Tilanqiao, a neighborhood in Shanghai, was, for a time, an oasis in a troubled land. The neighborhood, which became a ghetto under Japanese occupation, was home to over 15,000 Jewish people.
Tilanqiao was a refuge for many Jewish expatriates
In the 1930s, the city of Shanghai in mainland China was an incredibly diverse place, which played host to thousands of British, French, Iraqi, American, and Russian men and women. The neighborhood of Tilanqiao was home to a community of Russian Jews, and the Ohel Moshe Synagogue still stands as a testament to the historical tolerance of the Chinese.
As life became more difficult and more dangerous for Jewish communities in Europe, many chose the seven-thousand-kilometer journey to Shanghai, one of the few places at the time that did not require any special visa to guarantee entry. Between 1933 up to 1941, more than 20,000 Jews arrived in the city.
In those early years, the Jewish community prospered. There was an area dubbed “Little Vienna” that was filled with émigré musicians, businesspeople, dentists, and doctors. Cafés did a brisk trade, and there were all the usual festivals and other cultural events associated with Jewish culture.
The once tiny fishing village that had been Shanghai was, in that decade, the fifth largest city in the world and had attracted entrepreneurs and businesspeople in their thousands. It was a multicultural hub alive with possibilities.
Troubles began under Japanese occupation
But it was not all good news. In 1941, Shanghai fell into the hands of the Japanese military, allies of Germany’s Nazi regime. Under orders from the Nazi high command, the Jewish community was rounded up and confined to Tilanqiao.
This ghetto, in the heart of one of China’s most important and diverse cities, was approximately a mile square, bounded by Zhoujiazui Road, Huimin Road, Tongbei Road, and Gongping Road with Huoshan Park at its heart. It housed more than 15,000 Jews. The park itself became a breathing space for the majority of residents who lacked basic essentials.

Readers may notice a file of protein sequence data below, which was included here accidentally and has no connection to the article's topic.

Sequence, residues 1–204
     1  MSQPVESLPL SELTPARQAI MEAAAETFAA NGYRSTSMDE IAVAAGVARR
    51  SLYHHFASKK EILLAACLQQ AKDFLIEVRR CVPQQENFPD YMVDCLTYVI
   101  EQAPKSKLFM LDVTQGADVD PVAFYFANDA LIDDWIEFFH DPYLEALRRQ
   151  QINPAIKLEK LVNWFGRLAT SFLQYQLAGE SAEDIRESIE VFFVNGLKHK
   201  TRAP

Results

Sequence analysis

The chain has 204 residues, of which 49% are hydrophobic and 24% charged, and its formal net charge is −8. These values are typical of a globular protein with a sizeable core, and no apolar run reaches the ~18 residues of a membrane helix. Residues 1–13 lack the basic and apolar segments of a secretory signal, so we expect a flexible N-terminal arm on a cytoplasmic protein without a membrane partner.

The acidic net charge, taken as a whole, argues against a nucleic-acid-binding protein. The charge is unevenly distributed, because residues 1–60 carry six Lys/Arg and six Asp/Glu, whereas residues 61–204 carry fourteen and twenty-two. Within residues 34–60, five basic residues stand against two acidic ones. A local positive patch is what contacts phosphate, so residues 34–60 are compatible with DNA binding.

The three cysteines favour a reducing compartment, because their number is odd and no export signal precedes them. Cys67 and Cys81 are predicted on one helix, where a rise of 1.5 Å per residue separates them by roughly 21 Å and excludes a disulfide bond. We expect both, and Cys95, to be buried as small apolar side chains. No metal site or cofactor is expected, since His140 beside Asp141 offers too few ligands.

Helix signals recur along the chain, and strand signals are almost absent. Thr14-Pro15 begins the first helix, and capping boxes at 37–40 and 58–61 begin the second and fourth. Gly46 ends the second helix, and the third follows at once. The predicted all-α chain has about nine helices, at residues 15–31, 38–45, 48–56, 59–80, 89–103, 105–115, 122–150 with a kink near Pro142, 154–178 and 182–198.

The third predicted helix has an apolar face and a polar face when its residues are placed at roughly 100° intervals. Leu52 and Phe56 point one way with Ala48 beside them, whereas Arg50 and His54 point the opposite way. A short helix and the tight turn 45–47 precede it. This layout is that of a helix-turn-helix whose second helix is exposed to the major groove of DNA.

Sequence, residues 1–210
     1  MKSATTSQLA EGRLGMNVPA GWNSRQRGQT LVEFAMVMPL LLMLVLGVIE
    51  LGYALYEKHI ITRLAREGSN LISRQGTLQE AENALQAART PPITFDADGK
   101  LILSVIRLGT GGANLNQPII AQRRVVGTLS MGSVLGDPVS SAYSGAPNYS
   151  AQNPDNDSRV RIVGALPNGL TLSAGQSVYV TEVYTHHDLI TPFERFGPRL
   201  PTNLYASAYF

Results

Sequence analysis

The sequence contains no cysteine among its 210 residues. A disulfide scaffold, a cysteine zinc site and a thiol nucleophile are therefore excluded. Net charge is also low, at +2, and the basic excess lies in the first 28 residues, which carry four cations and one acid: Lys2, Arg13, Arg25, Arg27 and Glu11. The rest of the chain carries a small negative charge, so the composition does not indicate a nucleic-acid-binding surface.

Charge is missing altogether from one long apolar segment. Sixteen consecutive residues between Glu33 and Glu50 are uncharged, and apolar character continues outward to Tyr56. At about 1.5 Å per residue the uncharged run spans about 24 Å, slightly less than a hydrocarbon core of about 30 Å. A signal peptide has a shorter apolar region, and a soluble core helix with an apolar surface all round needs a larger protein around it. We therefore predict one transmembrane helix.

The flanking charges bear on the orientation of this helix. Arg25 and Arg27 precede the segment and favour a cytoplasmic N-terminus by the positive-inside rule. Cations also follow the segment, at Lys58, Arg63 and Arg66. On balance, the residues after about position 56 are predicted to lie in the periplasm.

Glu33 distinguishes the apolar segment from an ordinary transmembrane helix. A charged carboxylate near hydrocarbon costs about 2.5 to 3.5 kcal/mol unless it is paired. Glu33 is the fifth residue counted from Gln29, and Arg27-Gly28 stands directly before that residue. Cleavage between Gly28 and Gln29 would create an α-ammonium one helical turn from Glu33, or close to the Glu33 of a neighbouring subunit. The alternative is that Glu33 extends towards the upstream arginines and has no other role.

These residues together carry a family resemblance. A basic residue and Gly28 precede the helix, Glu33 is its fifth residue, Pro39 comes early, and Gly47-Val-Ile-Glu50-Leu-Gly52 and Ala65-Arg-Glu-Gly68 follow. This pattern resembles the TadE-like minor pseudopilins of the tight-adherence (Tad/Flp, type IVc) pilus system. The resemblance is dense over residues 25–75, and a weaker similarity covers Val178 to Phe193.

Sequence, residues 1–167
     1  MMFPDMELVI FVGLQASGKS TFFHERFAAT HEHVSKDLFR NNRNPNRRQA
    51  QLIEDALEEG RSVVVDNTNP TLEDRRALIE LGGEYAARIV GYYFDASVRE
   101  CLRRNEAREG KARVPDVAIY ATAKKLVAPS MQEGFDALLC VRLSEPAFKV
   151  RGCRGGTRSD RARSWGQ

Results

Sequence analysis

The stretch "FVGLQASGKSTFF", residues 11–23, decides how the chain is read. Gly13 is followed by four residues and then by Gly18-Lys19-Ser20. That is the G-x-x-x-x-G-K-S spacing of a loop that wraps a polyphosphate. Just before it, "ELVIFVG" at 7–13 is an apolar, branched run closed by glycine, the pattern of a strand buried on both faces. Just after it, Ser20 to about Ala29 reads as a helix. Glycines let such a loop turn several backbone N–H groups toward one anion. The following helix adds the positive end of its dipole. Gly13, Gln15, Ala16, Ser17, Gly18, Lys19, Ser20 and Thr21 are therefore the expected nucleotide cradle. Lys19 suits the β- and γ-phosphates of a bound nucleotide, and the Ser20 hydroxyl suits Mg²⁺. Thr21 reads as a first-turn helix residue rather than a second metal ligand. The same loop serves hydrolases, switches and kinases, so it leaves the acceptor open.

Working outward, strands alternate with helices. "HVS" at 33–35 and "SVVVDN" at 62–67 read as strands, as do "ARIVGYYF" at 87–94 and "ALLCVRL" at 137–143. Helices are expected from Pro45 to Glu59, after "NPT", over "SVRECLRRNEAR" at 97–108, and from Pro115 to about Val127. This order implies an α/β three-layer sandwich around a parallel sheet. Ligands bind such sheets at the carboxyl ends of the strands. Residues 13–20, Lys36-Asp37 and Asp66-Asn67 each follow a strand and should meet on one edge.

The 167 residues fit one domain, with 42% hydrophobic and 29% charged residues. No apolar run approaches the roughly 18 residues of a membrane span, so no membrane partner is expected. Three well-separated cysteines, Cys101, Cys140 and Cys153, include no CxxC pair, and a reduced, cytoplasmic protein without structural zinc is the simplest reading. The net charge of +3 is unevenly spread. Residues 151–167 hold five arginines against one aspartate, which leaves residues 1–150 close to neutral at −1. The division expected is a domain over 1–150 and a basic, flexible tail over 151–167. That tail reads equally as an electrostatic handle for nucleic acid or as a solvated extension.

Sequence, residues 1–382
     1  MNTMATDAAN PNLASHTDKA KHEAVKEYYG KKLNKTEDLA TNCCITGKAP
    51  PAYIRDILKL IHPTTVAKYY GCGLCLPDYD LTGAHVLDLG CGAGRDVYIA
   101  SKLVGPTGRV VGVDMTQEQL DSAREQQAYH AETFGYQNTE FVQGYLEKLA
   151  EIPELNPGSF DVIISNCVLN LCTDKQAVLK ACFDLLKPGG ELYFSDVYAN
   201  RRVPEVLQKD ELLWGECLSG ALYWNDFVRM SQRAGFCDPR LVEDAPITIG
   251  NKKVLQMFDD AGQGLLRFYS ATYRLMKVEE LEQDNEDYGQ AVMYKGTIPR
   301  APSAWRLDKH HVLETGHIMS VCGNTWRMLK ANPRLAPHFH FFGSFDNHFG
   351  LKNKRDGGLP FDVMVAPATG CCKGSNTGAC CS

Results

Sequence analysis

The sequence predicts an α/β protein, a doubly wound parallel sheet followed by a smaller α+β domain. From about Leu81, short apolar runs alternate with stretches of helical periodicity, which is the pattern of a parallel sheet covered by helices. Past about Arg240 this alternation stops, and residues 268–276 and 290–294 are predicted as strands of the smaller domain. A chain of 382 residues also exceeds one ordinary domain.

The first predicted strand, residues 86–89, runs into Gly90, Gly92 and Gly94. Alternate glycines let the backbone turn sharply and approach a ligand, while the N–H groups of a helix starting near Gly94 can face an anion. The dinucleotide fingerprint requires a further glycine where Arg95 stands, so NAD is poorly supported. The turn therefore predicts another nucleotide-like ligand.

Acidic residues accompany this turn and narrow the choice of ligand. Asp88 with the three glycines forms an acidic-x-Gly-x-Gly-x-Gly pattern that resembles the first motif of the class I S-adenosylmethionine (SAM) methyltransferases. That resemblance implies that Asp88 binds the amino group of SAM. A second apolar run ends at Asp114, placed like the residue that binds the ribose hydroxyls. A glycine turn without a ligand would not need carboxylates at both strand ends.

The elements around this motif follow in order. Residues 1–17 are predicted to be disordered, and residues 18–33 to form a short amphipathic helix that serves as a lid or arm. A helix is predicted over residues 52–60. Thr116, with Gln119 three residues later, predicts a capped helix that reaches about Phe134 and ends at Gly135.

Packed into the area, they were not allowed to leave for work unless they could get exceptional permission from Japanese military officers. Disease was rife and many starved, sharing beds and without privacy, but the majority survived to tell the tale.
One resident, Dr. Jacob Rosenfeld, arrived in Shanghai at the beginning of the war in 1939. He had fled Austria but was determined not to hide and instead joined the Chinese military as a field medic, where he worked to save the lives of wounded Chinese soldiers.
The Chinese government recognized his service, and he was awarded several medals for his work. In 1949, he returned to Austria and was reunited with his surviving family members.
Jerry Moses was just 6 years old when his family arrived in Shanghai after escaping Nazi Germany. It was 1941, the year the Japanese took the city. “If [the people of Shanghai] had not been so tolerant, our life would have been miserable,” Moses said in an interview after the war. “In Europe, if a Jew escaped, he or she had to go into hiding, and here in Shanghai we could dance and pray and do business.”
Historian David Kranzler called the survival of the Jewish émigré community the “Miracle of Shanghai,” explaining that the Jews were not the top target for the invading Japanese, who had the Chinese in their sights, killing more than 14 million military and civilians by the end of the conflict.
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After WWII, many of Shanghai’s Jews left for America, Australia, Canada, and Europe. Today, fewer than 2,000 residents remain in what is now a decidedly Chinese district.
The Ohel Moshe Synagogue has been retained and extended. It is now a museum and is a popular attraction, memorializing those who lived in the Chinese Jewish ghetto, people who would likely not have survived had their parents stayed behind in war-torn Europe.